For many, higher education is the key to a bright, successful future. The college experience can open doors and create better opportunities for our kids. While preparing for college can be daunting for parents and students, New York State has many great programs to help make the process easier.
We’ve written before about TNR, or trap-neuter-return, in dealing with feral cats. Feral or “community” cats are those cats that roam free and are frequently too wild (unsocialized) to adopt. If left alone, they reproduce, and the sheer numbers may make them a nuisance. With TNR, they are trapped humanely, neutered and vaccinated, and returned to the area they came from. An established colony will keep new, unaltered cats out, and because they can’t reproduce, the colony gradually gets smaller instead of quickly getting larger.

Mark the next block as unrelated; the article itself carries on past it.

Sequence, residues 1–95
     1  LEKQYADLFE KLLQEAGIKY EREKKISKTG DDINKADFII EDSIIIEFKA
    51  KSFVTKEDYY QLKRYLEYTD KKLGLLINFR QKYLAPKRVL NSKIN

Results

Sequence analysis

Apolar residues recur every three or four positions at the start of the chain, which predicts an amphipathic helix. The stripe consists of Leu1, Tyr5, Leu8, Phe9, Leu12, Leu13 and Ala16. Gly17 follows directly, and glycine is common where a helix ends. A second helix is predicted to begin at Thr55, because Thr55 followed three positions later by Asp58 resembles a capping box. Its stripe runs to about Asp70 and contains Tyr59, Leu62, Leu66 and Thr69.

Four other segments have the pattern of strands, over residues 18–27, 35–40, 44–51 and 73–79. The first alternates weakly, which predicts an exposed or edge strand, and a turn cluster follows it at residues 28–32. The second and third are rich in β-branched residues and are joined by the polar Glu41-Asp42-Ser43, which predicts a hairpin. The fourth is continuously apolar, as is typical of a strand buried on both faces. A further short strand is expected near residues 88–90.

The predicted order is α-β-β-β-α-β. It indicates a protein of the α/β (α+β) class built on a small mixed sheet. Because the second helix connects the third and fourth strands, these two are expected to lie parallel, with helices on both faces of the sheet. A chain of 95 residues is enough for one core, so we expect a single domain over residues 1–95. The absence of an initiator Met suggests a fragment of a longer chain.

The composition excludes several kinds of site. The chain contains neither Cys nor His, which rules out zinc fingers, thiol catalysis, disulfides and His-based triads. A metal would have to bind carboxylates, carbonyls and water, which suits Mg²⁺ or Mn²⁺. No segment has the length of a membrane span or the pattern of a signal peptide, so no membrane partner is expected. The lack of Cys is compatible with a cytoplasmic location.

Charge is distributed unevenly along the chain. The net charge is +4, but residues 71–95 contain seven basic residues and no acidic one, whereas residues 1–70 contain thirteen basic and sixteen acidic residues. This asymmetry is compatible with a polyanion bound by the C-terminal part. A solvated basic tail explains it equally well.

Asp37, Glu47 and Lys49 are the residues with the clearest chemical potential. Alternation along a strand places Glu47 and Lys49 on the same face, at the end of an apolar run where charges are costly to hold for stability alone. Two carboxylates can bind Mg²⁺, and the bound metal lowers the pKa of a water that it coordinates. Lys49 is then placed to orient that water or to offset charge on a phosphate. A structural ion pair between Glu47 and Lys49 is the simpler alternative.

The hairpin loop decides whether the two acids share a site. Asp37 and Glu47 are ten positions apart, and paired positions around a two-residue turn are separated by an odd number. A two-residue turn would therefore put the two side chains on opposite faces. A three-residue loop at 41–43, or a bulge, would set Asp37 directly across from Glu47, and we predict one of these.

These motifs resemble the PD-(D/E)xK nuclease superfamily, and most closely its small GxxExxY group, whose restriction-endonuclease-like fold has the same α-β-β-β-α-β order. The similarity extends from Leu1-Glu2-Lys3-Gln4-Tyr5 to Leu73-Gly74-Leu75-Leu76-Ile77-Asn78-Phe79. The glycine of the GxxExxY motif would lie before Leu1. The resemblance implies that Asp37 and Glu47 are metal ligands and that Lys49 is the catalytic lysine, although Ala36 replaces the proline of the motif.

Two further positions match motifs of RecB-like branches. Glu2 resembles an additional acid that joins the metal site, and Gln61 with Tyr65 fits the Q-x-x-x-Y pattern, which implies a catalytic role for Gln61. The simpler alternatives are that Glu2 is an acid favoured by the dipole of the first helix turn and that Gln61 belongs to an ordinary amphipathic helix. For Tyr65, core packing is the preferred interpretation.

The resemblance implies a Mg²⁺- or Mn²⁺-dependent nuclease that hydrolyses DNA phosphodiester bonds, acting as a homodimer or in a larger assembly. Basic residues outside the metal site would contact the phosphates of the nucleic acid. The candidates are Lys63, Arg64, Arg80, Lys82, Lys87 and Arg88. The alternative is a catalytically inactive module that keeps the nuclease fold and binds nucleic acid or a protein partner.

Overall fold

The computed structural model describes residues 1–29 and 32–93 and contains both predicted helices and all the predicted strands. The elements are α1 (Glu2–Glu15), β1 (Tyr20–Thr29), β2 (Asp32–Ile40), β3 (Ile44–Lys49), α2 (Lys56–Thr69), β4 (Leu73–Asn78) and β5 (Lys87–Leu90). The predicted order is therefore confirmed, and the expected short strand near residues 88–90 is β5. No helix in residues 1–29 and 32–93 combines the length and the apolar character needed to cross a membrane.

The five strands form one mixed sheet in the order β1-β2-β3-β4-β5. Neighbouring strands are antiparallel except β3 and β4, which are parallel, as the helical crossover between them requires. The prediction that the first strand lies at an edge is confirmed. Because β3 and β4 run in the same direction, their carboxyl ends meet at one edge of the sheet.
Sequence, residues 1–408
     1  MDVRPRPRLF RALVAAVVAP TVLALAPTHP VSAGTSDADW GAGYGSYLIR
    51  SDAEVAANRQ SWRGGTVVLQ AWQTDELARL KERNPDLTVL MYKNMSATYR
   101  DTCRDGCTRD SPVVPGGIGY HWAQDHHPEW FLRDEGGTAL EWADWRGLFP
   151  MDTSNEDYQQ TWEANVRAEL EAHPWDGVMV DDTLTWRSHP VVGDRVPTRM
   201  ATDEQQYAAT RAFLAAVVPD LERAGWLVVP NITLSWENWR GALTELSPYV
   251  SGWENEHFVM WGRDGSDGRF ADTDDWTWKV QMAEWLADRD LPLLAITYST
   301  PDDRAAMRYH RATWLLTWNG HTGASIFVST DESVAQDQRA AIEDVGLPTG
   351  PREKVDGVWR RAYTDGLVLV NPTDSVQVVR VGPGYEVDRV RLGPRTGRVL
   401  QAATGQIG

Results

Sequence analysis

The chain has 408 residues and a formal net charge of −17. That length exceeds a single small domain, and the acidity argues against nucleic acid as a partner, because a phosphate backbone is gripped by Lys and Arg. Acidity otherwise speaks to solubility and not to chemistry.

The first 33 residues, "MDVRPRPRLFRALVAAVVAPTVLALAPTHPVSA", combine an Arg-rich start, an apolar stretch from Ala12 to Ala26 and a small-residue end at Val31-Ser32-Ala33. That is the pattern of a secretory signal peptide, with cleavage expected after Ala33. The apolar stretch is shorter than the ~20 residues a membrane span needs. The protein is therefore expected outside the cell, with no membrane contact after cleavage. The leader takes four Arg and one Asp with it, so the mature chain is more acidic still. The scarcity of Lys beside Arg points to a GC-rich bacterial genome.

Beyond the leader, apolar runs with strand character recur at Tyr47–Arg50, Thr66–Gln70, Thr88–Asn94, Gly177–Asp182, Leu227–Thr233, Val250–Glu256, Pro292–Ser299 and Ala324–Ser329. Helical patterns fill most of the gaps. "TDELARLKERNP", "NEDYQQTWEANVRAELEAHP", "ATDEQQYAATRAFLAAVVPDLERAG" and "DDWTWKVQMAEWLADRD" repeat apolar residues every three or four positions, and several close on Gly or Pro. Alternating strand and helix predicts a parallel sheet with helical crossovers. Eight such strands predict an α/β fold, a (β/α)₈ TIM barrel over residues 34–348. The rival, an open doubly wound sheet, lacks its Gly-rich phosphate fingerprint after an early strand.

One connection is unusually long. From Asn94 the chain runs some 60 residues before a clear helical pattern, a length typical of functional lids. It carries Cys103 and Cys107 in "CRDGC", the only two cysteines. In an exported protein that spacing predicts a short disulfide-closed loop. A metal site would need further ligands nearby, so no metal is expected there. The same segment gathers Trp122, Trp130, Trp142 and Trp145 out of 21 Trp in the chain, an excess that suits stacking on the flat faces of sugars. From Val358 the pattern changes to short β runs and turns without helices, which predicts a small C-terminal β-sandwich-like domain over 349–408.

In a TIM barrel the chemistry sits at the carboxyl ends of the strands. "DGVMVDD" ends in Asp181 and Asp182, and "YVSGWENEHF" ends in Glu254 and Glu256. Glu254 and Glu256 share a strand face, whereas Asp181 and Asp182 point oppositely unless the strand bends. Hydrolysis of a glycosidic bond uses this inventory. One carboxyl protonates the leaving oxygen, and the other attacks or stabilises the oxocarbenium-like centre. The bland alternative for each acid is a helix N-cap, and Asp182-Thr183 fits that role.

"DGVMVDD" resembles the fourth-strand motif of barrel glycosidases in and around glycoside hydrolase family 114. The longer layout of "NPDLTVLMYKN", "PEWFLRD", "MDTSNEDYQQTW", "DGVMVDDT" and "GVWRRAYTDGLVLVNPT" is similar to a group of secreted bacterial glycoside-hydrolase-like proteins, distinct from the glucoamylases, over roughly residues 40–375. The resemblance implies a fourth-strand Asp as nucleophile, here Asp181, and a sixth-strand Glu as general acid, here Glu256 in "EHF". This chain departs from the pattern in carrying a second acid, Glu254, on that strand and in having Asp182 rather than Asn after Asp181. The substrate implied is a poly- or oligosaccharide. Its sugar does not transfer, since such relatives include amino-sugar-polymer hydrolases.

Congressman Dan Maffei (D-Syracuse) has released his first television campaign ad, sparking sharp criticism from the opposition. Maffei’s ad, a 30-second spot entitled “Hard Work,” features the congressman visiting with small businessmen and –women, chatting with senior citizens and posing with his family. The ad asserts that Maffei, too, is sick of Congressional gridlock and perks and is working hard to get rid of them.